“I remember I used to spend months and almost years in dreams,” writes Lucy Ives in her new book-length poem The Hermit. “Or what are better termed recollections. I wrote constantly. This was what it seemed appropriate to do. And later: I spent many years with a strong, almost violent feeling that there was much to live for, although I may have been inactive for much of this time.”
Much of The Hermit regards the conceptualization of literature as novelistic. It’s even possible to look at The Hermit as a novel, which includes both characters and plot. Consider how the opening sentence sets up a premise: “A man claims he makes a choice to be unhappy, since it allows him vigilance.” But the Hermit as a poem allows for its characters to dissipate into the ether of Ives’s thoughts. As she later concedes: “I don’t know how long any of the characters in this book can persist as characters.”
The dark heart of The Hermit is split in two sections. The first is introduced “At the end of her unfinished novel, a strange art object appears.” What follows is a long vignette, a detailed description of a wooden cube carved with figuration in relief displaying civilization as it stands—a line of dancing creatures, carnivalesque in their domestic animation—as well as various symbols of agriculture and tools that humanity has been built upon. This is followed by a depiction of a hermit, wandering the ruins of a once-golden empire, “grim reminders of human law and folly.” Finally, natures beautifully resumes, in the form of a natural spring.
The second section is study of a character, Nancy Thompson, from A Nightmare on Elm Street, who, in the author’s words, is secluded in a place of psychological horror and physical violence. Her self-enforced seclusion saves her life, and Ives confesses to understanding this character, a function of narrative she describes elsewhere as “the bait of recognition.” “A white home, mint mansard, ivy browning on a trellis. Shade in foreground. Branches pendant with parasitic vines.” Ives baits us into a good-faith reading with this pleasing establishing shot. This section is also the one where she addresses an other in second person: “before I met you,”— another baited trap.
There is levity among the denser sections. In one note, a dream, Charles Olson presses his semi-erection through his jeans against the author’s face, who reports smelling detergent. In another she describes the inability of novelist Michel Houellebecq to offer commentary in his work, saying he only portrays events in themselves. To Ives this may not be a criticism, who says later, “One must work, perhaps for some time, to see scenes.” A lot of The Hermit examines these difficulties in novel writing: “Possible for me to write 200 words a day, any day, every day.” Everything seems to encourage her: “on a country road, I pass an abandoned sign:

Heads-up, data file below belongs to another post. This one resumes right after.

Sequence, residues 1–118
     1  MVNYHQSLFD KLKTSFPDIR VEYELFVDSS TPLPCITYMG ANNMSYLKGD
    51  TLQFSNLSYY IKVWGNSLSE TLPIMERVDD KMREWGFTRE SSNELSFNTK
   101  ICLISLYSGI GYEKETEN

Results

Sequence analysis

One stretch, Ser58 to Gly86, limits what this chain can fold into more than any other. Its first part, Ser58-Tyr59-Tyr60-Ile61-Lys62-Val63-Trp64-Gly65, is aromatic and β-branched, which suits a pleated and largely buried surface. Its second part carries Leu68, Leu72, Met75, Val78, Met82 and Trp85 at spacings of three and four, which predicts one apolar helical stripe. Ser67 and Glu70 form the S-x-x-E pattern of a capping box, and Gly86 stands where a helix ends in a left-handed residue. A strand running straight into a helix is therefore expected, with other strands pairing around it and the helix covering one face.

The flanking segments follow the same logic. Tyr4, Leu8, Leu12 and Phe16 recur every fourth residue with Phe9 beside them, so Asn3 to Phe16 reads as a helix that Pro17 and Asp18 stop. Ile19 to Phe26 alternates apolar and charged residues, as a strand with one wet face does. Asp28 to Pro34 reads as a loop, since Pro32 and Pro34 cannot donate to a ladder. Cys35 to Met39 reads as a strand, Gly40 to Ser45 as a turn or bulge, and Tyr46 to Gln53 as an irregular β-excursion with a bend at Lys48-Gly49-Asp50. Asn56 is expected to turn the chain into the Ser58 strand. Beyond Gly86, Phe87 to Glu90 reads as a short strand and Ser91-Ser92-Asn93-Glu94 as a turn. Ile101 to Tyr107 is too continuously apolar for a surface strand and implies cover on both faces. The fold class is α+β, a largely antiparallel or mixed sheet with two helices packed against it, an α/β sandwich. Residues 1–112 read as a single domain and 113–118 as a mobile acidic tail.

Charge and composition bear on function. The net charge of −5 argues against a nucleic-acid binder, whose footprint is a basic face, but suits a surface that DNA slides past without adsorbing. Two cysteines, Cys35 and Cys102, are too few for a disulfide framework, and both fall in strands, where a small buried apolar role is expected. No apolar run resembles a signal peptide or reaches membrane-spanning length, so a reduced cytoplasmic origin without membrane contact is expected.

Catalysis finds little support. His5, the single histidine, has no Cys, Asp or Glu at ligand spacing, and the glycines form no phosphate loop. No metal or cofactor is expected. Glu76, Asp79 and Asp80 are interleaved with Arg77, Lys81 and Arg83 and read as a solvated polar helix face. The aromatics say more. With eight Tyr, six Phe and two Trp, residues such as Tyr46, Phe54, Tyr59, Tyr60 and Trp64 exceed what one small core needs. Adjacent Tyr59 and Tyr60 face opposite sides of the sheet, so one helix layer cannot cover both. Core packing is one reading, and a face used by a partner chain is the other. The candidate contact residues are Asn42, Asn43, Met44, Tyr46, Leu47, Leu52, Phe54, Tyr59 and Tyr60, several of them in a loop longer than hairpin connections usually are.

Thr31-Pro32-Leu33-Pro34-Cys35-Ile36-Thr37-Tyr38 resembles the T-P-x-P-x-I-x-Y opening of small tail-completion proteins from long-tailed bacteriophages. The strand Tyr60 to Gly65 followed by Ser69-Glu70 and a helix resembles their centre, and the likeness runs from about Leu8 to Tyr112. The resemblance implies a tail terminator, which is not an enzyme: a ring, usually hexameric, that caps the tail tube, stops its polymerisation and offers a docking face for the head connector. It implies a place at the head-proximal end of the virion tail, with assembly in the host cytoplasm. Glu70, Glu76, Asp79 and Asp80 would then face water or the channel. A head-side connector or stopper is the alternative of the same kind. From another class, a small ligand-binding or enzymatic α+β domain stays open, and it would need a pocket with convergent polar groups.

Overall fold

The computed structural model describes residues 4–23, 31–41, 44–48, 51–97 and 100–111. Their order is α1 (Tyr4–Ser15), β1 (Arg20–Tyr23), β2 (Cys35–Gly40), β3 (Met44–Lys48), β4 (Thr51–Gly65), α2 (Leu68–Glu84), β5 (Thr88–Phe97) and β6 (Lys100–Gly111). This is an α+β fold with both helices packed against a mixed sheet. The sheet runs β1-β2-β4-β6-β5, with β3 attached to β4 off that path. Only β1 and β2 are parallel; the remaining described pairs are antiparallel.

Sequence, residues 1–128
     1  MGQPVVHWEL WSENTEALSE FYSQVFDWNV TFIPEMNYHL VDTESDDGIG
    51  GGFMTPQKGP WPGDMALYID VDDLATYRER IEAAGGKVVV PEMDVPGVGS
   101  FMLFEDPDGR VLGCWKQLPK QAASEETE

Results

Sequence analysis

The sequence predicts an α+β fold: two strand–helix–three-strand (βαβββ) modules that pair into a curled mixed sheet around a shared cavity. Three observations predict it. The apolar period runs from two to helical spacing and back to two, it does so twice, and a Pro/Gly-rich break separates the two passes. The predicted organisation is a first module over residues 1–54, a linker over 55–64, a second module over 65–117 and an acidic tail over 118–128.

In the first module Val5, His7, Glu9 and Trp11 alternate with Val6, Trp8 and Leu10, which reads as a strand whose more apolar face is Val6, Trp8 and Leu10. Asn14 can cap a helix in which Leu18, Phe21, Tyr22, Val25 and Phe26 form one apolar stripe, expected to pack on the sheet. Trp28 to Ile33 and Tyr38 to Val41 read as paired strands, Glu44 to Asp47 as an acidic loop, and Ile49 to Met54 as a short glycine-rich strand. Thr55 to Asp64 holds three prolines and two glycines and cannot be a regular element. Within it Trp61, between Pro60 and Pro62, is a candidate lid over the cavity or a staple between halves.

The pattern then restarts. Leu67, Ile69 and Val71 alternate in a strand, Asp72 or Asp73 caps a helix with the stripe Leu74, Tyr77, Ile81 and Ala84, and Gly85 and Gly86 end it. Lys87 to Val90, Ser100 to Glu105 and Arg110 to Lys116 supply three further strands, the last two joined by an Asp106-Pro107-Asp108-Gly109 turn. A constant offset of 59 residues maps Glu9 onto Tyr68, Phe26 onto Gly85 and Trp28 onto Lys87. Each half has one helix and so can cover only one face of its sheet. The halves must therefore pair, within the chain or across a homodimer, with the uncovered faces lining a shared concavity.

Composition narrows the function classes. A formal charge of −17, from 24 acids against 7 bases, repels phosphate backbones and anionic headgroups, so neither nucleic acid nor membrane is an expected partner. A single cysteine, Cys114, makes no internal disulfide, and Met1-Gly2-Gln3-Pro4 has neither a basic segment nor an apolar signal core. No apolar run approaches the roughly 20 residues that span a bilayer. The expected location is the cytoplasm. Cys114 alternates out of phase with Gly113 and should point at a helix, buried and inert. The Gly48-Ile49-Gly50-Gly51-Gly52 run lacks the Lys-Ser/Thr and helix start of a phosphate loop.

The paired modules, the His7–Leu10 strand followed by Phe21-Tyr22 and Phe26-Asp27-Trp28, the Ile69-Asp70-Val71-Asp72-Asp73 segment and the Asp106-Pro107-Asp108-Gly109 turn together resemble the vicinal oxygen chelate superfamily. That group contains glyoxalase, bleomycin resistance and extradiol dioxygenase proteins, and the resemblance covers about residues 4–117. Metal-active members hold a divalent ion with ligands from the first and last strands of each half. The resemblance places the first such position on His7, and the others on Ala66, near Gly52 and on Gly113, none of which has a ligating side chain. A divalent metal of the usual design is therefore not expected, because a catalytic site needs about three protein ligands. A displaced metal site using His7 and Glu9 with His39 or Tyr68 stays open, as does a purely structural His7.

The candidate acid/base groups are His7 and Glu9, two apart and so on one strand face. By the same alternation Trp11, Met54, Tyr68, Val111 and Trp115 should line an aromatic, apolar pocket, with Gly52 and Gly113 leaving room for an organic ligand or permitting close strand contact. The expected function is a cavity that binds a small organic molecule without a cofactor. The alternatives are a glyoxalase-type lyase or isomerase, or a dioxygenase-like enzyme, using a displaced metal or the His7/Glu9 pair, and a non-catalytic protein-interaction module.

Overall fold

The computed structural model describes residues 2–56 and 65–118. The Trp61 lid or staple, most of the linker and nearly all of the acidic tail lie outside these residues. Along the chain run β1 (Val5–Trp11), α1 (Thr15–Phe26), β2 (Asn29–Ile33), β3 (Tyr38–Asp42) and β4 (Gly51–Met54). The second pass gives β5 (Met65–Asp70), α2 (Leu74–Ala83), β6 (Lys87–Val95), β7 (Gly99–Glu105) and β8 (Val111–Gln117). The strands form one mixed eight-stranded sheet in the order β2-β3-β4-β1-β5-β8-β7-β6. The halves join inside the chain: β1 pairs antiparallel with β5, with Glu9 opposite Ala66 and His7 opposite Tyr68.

THO AS TRY CLUB
‘This is a poem about trying to write a novel,” Ives writes, daring us to read her poem The Hermit like a novel, or at least as a poet’s desire to write a novel. “When I was 13 I swore to myself that I would become a novelist,” she continues. In fact she already has: Her impressive publications credits include both poetry (including her excellent collection Orange Roses) and even a novel, nineties, a bildungsroman focused on a young woman coming of age during that decade. She is an editor for Triple Canopy, a magazine and arts organization committed to“resisting the atomization of culture” and who assembled an installation as part of the 2015 Whitney Biennial. Earlier this year it was announced she’d sold her second novel to Penguin, titled Impossible Views of the World. Ives hasn’t just fulfilled the promise to made by her 13-year-old self, she has documented what it took to get her there. In clumsier hands, this would come off as diaristic. In Ives’s, it’s art.
Ben Fama latest book of poems, Fantasy, was published by Ugly Duckling Presse. He is the co-founder of the poetry press Wonder and lives in New York.
Song Cave / 88 pp. / $17.95